During debates on government legislation Ministers, usually with departmental responsibility for the bill, will lead the debate for the government and respond to points made by MPs or Lords.
Committees of both the House of Commons and House of Lords hold the government to account, scrutinise its work and examine in detail proposals for legislation. Ministers appear before committees to give evidence and answer questions.
Government Ministers are also required by convention and the Ministerial Code, when Parliament is sitting, to make major statements regarding government policy or issues of national importance to Parliament. This allows MPs or Lords to question the government on the statement. Where the government instead chooses to make announcements first outside Parliament it is often the subject of significant criticism from MPs and the Speaker of the Commons.
The Government and the Monarchy
The British Monarch, currently Queen Elizabeth II is the United Kingdom's head of state but takes little direct part in government. The decisions to exercise sovereign powers are delegated from the Monarch, either by statute or by convention, to Ministers or officers of the Crown, or other public bodies, exclusive of the Monarch personally. Thus the acts of state done in the name of the Crown, such as Crown Appointments, even if personally performed by the Monarch, such as the Queen's Speech and the State Opening of Parliament, depend upon decisions made elsewhere: Legislative power is exercised by the Crown in Parliament, by and with the advice and consent of Parliament, the House of Lords and the House of Commons. Executive power is exercised by Her Majesty's Government, which comprises Ministers, primarily the Prime Minister and the Cabinet, which is technically a committee of the Privy Council. They have the direction of the Armed Forces of the Crown, the Civil Service and other Crown Servants such as the Diplomatic and Secret Services (the Queen receives certain foreign intelligence reports before the Prime Minister does). Judicial power is vested in the Judiciary, who by constitution and statute have judicial independence of the Government The Church of England, of which the Monarch is the head, has its own legislative, judicial and executive structures. Powers independent of government are legally granted to other public bodies by statute or statutory instrument such as an Order-in-Council, Royal Commission or otherwise. Apart from members of parliament and local authorities, no public officers are elected.
According to the uncodified constitution of the United Kingdom, the monarch has the following powers:
- The power to appoint and dismiss the Prime Minister
- The power to appoint and dismiss other Ministers
- The power to summon, prorogue and dissolve Parliament
- The power to make war and peace
- The power to command the armed forces of the United Kingdom
- The power to issue passports
- The power to appoint bishops and archbishops of the Church of England
- The power to create life peers
- The power to enact any Statute agreed in both the House of Commons and the Supreme Court (Royal Assent)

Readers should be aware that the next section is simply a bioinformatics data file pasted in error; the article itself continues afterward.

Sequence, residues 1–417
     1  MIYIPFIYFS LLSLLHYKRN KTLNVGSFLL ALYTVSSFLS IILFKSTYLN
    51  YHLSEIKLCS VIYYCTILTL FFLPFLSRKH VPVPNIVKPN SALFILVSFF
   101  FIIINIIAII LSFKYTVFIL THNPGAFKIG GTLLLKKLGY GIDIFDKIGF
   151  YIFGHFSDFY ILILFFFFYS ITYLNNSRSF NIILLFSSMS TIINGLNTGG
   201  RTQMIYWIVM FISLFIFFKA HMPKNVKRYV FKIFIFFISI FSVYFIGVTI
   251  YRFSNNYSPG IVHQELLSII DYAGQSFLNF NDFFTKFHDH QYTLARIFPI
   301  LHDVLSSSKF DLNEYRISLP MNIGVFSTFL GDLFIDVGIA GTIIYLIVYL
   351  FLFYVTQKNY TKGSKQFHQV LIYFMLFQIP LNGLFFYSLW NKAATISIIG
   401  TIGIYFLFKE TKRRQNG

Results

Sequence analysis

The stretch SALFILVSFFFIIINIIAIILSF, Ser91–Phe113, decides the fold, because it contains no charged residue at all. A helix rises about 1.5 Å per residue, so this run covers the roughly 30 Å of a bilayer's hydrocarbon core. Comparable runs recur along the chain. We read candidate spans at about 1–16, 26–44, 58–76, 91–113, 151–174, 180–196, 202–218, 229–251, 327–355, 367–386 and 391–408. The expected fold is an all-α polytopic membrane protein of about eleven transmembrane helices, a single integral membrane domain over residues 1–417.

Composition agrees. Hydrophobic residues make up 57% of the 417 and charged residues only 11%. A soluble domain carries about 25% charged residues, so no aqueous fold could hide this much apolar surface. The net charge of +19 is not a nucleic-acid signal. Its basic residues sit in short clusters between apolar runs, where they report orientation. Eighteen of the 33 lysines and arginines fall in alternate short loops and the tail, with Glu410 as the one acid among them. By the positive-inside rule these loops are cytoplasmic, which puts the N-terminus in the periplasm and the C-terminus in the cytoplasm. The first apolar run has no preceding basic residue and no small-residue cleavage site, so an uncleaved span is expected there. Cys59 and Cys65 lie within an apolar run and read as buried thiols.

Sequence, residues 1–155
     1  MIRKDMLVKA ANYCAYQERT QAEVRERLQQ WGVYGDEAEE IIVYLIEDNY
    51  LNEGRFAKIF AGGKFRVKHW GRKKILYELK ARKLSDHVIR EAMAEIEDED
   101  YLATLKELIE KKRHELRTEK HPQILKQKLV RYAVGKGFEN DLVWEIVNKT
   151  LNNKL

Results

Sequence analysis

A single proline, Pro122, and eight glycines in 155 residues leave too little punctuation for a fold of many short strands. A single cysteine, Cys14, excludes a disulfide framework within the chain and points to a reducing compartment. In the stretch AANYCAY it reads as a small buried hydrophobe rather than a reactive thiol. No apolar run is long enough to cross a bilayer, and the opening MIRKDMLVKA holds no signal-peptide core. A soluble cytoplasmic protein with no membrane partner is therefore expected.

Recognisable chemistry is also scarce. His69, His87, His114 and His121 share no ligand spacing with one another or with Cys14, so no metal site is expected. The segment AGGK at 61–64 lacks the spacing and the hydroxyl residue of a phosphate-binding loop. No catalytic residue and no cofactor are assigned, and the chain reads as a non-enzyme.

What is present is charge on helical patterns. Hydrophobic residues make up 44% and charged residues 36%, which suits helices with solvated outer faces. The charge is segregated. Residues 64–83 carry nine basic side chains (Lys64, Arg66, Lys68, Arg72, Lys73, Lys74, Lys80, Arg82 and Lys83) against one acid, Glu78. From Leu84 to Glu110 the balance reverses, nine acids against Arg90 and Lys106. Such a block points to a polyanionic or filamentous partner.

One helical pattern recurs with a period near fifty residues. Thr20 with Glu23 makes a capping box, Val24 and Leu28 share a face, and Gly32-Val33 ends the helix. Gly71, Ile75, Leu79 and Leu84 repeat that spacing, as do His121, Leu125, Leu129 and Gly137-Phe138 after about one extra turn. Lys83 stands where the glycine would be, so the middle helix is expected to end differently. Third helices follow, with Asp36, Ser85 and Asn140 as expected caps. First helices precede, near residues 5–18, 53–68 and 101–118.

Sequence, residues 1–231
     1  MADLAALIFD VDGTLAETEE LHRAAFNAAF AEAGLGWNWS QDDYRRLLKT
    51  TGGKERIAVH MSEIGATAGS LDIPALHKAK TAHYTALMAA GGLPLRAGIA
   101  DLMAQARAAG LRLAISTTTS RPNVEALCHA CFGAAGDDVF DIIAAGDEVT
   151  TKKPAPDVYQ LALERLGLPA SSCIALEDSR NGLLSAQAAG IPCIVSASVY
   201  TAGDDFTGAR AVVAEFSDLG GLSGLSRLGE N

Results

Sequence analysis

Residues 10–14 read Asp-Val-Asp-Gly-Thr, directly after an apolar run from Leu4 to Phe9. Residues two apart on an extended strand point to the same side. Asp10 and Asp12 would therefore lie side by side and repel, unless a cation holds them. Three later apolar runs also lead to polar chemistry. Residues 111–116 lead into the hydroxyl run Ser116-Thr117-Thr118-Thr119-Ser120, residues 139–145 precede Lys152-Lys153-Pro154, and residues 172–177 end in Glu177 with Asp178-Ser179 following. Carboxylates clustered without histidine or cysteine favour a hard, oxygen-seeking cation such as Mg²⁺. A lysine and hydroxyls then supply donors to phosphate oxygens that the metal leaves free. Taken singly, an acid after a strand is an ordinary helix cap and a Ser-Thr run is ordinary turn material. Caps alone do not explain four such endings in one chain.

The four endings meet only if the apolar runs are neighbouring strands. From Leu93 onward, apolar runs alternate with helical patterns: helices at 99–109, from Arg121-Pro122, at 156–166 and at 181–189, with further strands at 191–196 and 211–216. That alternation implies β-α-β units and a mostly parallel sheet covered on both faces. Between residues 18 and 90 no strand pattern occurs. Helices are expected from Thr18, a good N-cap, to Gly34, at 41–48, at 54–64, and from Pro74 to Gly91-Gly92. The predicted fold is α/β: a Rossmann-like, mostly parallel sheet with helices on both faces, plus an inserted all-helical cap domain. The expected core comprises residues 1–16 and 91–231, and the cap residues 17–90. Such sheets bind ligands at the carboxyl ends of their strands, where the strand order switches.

- The power to dismiss Justices of the Supreme Court following signed, agreed petitions from both the House of Commons and the Supreme Court
Since 1998, certain areas of central government have been devolved to democratically-accountable governments in Scotland, Wales and Northern Ireland. By contrast, there is no devolved government in England.
Up to three layers of elected local authorities (such as County, District and Parish Councils) exist throughout all parts of the United Kingdom, in some places merged into Unitary Authorities. They have limited local tax-raising powers. Many other authorities and agencies also have statutory powers, generally exerciseable subject to some central government supervision. In addition to legislative powers, HM Government has substantial influence over local and other authorities by financial powers and grants.
- List of British governments
- Her Majesty's Government frontbench
- Departments of the United Kingdom Government
- Her Majesty's Most Honourable Privy Council
- Her Majesty's Most Loyal Opposition
- Scottish Government
- Welsh Assembly Government
- Northern Ireland Executive
- Her Majesty's Government Parliament of the United Kingdom, 28 June 2010
- Overview of the UK system of government : Directgov - Government, citizens and rights. Direct.gov.uk. Retrieved on 2010-10-19.
- House of Commons - Justice Committee - Written Evidence. Publications.parliament.uk. Retrieved on 2010-10-19.
- The monarchy : Directgov - Government, citizens and rights. Direct.gov.uk. Retrieved on 2010-10-19.
- UK Parliament website
- General elections - UK Parliament. Parliament.uk (2010-05-06). Retrieved on 2010-10-19.
- Official website of 10 Downing Street
- Directgov, the UK government public services website
- UK Government list from the Cabinet Office
- UK Executive info from the Cabinet Office
- Reconstitution, website of a charitable trust founded to promote public understanding of the British Constitution